“Well, I had best come in and see,” said Malcolm pushing past Marty before he could refuse. With a definite trudge, Malcolm stomped up the stairs to the studio.

          “Well – it seems you can,” said Marty under his breath.

          “Are yer making any money from yer art yet Marty?” asked Malcolm stomping into the studio and studying the sketches with a wheeze.  “What are these?”

          “Just sketches.” Marty shifted awkwardly and chewed his lip.   

          “No this? Is it masking tape?” He said fingering the sticky tape on the wall.

          “Yeh, masking tape.”

          “Will it hurt the walls?” asked Malcolm.

          “No, masking tape definitely won’t hurt stone walls,” said Marty reassuringly.

            “A word of advice, Marty,” he said peering at the images. “Nice landscapes are what yer need to be drawing and painting. Ach, why not draw heather or fishing boats? It sells in the towns. Them tourists buy – raw and stark. I would ney bother drawing the people of the sea,” said Malcolm. “It won’t sell and will only draw unwanted attention.”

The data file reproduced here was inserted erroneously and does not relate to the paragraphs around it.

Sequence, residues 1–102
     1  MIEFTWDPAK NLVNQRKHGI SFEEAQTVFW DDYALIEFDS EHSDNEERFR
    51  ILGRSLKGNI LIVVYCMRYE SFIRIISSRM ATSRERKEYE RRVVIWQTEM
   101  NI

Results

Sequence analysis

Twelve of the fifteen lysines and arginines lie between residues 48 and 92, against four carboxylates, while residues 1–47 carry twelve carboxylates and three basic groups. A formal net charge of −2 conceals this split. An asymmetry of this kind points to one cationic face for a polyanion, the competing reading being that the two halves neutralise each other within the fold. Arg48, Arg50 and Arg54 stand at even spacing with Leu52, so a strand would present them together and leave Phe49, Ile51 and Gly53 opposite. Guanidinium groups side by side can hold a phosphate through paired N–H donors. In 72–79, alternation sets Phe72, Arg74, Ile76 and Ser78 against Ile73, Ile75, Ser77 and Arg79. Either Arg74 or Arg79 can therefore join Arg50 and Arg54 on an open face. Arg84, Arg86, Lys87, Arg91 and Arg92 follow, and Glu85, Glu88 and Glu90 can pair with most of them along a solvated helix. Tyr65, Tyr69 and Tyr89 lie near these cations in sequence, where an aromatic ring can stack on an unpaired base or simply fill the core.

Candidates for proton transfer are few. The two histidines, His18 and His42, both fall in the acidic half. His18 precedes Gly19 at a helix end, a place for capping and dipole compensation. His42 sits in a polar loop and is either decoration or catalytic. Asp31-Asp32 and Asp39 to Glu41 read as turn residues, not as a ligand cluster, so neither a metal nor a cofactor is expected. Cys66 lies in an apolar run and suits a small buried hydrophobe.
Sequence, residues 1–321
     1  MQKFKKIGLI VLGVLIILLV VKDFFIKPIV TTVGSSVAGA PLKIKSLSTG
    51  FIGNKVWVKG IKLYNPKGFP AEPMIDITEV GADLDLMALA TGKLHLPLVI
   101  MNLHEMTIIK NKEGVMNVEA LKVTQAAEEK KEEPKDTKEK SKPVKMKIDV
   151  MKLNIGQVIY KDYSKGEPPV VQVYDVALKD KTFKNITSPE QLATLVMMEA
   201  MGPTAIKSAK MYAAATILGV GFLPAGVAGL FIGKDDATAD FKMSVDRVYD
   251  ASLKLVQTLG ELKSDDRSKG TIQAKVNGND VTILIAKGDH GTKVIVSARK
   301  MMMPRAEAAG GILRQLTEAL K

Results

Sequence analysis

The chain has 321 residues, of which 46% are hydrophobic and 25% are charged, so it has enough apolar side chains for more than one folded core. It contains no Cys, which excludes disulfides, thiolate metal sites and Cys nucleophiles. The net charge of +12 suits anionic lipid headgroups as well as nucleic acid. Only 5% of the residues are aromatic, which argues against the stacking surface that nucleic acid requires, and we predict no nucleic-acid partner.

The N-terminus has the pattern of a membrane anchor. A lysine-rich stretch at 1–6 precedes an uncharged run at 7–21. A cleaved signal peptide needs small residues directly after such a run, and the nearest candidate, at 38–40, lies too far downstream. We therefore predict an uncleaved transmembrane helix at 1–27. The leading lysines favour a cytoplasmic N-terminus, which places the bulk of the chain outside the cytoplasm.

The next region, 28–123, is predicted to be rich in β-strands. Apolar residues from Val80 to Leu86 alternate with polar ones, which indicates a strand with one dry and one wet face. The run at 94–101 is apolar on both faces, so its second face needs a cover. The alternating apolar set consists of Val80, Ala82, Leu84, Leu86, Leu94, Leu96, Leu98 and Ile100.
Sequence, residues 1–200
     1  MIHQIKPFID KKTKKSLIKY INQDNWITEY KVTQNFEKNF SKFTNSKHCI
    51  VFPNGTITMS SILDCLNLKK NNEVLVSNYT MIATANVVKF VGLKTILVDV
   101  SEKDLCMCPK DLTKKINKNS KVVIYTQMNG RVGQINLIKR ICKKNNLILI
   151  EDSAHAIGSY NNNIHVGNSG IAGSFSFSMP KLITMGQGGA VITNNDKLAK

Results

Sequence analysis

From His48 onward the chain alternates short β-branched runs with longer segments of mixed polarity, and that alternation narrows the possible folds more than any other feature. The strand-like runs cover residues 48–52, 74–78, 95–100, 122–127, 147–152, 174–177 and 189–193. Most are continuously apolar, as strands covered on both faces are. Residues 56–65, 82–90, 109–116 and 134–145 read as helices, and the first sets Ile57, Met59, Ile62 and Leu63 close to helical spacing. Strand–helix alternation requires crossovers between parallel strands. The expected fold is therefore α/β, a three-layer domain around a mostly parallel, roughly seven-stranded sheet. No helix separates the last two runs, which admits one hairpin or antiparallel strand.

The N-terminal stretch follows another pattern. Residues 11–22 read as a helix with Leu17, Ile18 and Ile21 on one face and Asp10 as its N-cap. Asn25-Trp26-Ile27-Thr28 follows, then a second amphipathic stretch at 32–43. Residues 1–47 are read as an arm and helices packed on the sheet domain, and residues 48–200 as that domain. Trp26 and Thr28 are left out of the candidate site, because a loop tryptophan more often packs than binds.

Marty folded his arms. A man wielding a shotgun was hardly the one to advise him what to draw!

          “I’m just sketching, it’s just ideas. What do you mean by the people of the sea anyway?”

Malcolm flinched and averted Marty’s gaze, “They’re good sketches, all right. You have a real talent there young man.”

          “So, is there some kind of legend?” asked Marty curiously.

Malcolm fiddled nervously with his shotgun, “Heard something as a child – but nothing special. They say it was a dolphin anyway. They sing see. Or the seals… it’s always a seal. Right…I have animals to shoot,” said Malcolm waving his gun.